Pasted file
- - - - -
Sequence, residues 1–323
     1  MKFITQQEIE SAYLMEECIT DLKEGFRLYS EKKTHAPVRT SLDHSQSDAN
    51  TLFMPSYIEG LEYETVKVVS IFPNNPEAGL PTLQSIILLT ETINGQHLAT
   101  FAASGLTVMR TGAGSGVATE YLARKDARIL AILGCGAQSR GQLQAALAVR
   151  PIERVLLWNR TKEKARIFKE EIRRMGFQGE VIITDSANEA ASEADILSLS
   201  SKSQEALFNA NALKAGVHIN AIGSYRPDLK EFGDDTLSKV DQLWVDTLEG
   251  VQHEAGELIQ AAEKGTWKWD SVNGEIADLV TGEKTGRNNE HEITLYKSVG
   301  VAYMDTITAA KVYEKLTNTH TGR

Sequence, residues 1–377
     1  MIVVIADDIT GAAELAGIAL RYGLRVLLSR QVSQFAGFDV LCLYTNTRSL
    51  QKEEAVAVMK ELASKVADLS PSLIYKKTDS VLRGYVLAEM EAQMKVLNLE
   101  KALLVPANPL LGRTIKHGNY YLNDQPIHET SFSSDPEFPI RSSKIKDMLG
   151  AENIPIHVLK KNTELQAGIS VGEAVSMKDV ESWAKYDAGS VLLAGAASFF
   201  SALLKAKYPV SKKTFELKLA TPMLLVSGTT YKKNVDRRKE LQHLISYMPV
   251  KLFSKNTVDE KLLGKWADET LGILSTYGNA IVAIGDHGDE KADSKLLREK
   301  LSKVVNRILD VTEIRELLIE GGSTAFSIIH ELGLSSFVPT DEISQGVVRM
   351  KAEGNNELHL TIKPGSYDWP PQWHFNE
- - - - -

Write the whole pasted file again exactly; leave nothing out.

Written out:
Sequence, residues 1–323
     1  MKFITQQEIE SAYLMEECIT DLKEGFRLYS EKKTHAPVRT SLDHSQSDAN
    51  TLFMPSYIEG LEYETVKVVS IFPNNPEAGL PTLQSIILLT ETINGQHLAT
   101  FAASGLTVMR TGAGSGVATE YLARKDARIL AILGCGAQSR GQLQAALAVR
   151  PIERVLLWNR TKEKARIFKE EIRRMGFQGE VIITDSANEA ASEADILSLS
   201  SKSQEALFNA NALKAGVHIN AIGSYRPDLK EFGDDTLSKV DQLWVDTLEG
   251  VQHEAGELIQ AAEKGTWKWD SVNGEIADLV TGEKTGRNNE HEITLYKSVG
   301  VAYMDTITAA KVYEKLTNTH TGR

Sequence, residues 1–377
     1  MIVVIADDIT GAAELAGIAL RYGLRVLLSR QVSQFAGFDV LCLYTNTRSL
    51  QKEEAVAVMK ELASKVADLS PSLIYKKTDS VLRGYVLAEM EAQMKVLNLE
   101  KALLVPANPL LGRTIKHGNY YLNDQPIHET SFSSDPEFPI RSSKIKDMLG
   151  AENIPIHVLK KNTELQAGIS VGEAVSMKDV ESWAKYDAGS VLLAGAASFF
   201  SALLKAKYPV SKKTFELKLA TPMLLVSGTT YKKNVDRRKE LQHLISYMPV
   251  KLFSKNTVDE KLLGKWADET LGILSTYGNA IVAIGDHGDE KADSKLLREK
   301  LSKVVNRILD VTEIRELLIE GGSTAFSIIH ELGLSSFVPT DEISQGVVRM
   351  KAEGNNELHL TIKPGSYDWP PQWHFNE